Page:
We are excited to have been featured in Ideal Home's recent article, where we had a chance to talk about one key element of our design philosophy, that is 'to design products that end in flea markets and not landfills':
As a member of the Conran design dynasty, some would say it was inevitable that Sebastian Conran, the eldest son of Sir Terence and Shirly Conran, would become a designer, but no one could have predicted the success he’s had creating award-winning products for Mothercare, John Lewis, Belling, Sainsbury’s and Nigella Lawson, to name just a few. His latest homeware collection, Universal Expert, has been developed with an emphasis on ingenious design, combining style and practicality with new ideas.
Function, innovation and simplicity are the key elements of Sebastian’s design philosophy and he takes great pride in ensuring his products not only look beautiful but work efficiently, too. ‘I try to design timeless products,’ he says. ‘A while ago, I was at a flea market in Brooklyn and found a candlestick I designed in 1992, which cost about a dollar to make originally, being sold for 20 dollars. I remember thinking, “I want to design products that will end up in flea markets, not landfill”. I think it’s important we take responsibility for what we produce, how things are used, and what happened to them.’
‘As a child, I loved making things,’ says Sebastian. ‘I enjoyed taking things apart and putting them back together again, and my dad encouraged me. Then, when I was 11, I read a book called Professor Branestawm and decided I wanted to be an inventor.’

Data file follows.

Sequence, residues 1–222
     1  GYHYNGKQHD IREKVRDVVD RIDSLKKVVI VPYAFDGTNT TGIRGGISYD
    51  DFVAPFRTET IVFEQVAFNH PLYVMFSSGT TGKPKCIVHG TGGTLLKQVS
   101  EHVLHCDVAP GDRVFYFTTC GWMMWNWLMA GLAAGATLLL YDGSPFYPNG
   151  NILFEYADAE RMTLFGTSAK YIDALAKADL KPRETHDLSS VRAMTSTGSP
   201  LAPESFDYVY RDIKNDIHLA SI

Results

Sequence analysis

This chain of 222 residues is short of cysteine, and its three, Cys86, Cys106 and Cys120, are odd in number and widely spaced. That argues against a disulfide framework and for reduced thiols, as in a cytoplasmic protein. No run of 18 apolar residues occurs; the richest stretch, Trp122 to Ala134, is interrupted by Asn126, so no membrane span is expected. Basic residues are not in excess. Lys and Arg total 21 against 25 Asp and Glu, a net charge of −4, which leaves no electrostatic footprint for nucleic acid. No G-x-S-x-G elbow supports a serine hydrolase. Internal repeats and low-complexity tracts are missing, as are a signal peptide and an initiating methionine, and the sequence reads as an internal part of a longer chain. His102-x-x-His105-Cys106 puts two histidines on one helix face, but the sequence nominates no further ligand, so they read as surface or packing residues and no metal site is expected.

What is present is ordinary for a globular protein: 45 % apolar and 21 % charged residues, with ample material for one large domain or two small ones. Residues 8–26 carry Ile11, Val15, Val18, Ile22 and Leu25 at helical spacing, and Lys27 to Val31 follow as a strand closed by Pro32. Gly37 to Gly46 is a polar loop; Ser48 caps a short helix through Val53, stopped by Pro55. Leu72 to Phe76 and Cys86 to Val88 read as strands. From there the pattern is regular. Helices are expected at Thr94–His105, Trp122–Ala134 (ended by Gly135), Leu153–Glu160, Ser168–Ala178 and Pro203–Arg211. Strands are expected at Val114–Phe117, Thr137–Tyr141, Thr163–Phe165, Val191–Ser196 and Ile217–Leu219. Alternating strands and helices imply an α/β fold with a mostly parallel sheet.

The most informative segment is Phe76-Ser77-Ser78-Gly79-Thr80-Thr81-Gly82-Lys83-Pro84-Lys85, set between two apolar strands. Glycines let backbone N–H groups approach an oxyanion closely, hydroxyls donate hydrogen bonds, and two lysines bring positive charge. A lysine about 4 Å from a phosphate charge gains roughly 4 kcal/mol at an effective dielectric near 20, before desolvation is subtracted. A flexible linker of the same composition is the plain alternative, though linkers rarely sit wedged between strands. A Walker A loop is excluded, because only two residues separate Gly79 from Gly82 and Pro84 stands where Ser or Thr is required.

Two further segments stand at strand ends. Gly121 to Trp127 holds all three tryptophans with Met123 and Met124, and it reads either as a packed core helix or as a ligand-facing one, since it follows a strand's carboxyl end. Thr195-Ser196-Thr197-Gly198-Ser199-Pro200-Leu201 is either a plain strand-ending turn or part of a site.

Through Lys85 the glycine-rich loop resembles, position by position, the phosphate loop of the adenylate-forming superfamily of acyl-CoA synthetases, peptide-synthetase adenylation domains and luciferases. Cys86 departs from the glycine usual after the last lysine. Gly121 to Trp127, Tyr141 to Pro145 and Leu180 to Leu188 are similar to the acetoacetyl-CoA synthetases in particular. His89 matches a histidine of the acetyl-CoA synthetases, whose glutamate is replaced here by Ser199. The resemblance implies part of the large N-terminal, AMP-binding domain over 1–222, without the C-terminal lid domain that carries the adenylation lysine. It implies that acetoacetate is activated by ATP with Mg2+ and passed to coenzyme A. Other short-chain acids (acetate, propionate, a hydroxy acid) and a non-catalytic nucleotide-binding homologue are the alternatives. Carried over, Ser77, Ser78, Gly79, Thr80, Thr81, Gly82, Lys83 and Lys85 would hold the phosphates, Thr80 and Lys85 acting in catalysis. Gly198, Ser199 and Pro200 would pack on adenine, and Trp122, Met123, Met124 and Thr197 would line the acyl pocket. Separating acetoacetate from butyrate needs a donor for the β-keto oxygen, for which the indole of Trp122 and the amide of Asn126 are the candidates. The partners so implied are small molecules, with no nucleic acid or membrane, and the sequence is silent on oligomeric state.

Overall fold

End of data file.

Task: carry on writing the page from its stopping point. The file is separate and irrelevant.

Sebastian went on to study Industrial Design Engineering at Central Saint Martins in London, where, as the Student Union treasurer, he gave the Sex Pistols their first gig and designed record covers, posters and T-shirts for The Clash. ‘You could say I studied industrial design, but graduated in rock’n’roll!’ he says. After college, Sebastian went to work at his dad’s studio for a year, then, in 1978, he was offered a job at brand consultancy Wolff Olins. ‘That’s when I really learnt how to be a designer’, he says. ‘I learnt about corporate identity, how to present, how to think conceptually, and how business works. It’s where I as first taken seriously as a designer.’
Three years later, Sir Terence bought Mothercare and approached Sebastian to run the product design studio. ‘It was my first break,’ he says. ‘We worked closely together. I was about 25 and we started winning awards for our pushchair designs. It was fantastic.’
After this success, he set up his own studio, Sebastian Conran Associates, in 1986, and was joined by Tom Dixon in 1991. Then, in the late Nineties, Sir Terence asked him to run the Conran Group. ‘Dad said, “I’m 67 now and my business associates say I need to find a successor and I think it should be you.” He convinced me to join him and I was very successful, but after a while, it was clear to me that I wanted to be a designer – I didn’t want to run shops and restaurants. Jasper has taken over now and I’m delighted! He can do a far better job than me; he’s a genius.’
Now, Sebastian runs his own design consultancy again, producing a wide range of products, from homeware and furniture do 3dprinters, embracing the digital age. ‘We’re working on how we can use this fantastic digital world we live in to make our analogue lives better,’ he explains.
‘I think it’s important to surround yourself with things that have personal meaning. A home should look lived-in. I don’t like walking into a house that’s full of brand-new stuff, as it can look too contrived.’